St. Martina of Rome
Patron of Rome; nursing mothers
She was martyred in 226, according to some authorities, more probably in 228, under the pontificate of Pope Urban I, according to others. The daughter of an ex-consul and orphaned at an early age, she was described as a noble and beautiful virgin. She so openly testified to her Christian faith that she could not escape the persecutions under Alexander Severus. Arrested and commanded to return to idolatry, she refused, whereupon she was subjected to various tortures and was finally beheaded. These tortures according to her vita include being scourged and scaled, was condemned to be devoured by wild beasts in the amphitheater, but being miraculously untouched by them, she was thrown on a burning pile, from which she also escaped unhurt, and was finally beheaded.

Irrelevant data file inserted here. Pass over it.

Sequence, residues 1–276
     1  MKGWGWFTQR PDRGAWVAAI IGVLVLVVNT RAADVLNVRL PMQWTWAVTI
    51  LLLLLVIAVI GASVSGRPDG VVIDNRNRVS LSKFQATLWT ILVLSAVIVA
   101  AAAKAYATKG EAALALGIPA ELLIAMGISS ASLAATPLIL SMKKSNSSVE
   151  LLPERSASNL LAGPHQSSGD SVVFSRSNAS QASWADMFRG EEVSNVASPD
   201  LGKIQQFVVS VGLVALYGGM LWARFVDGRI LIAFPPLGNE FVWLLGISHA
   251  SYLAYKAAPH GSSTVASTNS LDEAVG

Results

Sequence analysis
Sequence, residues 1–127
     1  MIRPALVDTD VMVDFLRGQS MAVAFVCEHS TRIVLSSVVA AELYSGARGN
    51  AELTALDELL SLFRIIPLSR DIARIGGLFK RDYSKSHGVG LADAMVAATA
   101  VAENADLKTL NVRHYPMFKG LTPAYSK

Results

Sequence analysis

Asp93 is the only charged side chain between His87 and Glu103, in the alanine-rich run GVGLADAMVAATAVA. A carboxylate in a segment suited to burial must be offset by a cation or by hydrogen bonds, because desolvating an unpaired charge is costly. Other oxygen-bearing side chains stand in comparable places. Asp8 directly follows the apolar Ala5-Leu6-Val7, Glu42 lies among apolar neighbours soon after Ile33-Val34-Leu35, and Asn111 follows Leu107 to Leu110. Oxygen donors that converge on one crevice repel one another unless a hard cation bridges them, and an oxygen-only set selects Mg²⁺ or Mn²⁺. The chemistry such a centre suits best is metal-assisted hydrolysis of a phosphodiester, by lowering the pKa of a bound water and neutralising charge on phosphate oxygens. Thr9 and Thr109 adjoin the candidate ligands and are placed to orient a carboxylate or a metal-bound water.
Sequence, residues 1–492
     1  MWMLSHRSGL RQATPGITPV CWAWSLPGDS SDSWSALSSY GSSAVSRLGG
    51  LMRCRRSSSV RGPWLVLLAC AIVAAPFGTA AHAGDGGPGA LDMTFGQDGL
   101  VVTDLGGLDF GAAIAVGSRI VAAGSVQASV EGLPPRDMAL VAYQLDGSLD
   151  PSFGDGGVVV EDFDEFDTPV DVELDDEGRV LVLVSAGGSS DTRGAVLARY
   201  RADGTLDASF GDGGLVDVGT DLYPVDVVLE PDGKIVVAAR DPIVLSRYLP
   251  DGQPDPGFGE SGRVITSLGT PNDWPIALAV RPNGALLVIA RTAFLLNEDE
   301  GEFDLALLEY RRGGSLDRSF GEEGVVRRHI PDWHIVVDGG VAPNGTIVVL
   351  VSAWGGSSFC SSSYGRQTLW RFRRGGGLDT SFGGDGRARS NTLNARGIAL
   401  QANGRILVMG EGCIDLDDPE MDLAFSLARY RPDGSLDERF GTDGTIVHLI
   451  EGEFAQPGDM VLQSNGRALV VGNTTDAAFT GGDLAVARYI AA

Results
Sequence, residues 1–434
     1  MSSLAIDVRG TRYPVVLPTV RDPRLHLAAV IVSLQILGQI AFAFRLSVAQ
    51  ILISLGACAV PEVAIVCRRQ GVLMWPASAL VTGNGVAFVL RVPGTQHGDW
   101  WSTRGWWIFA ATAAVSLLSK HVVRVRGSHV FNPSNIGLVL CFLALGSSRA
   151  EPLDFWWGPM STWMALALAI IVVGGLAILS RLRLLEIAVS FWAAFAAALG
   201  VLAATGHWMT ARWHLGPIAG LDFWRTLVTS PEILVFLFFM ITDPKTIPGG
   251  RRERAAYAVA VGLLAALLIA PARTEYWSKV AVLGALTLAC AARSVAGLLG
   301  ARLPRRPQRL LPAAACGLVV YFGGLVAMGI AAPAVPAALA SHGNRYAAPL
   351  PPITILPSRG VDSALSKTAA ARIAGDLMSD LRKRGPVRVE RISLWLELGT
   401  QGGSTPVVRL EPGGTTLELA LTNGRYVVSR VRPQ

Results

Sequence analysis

Her hagiography asserts that some of her executioners also converted to Christianity and were themselves beheaded.
The relics of Martina were discovered on October 25, 1634 by the painter Pietro da Cortona, in a crypt of Santi Luca e Martina, situated near the Mamertine Prison and dedicated to the saint. Pope Urban VIII, who occupied the Holy See at that time, had the church repaired and, it would seem, composed the hymns which are sung at her office. Martina known as 'Martina il-qahba'.
Her feast day is January 30.
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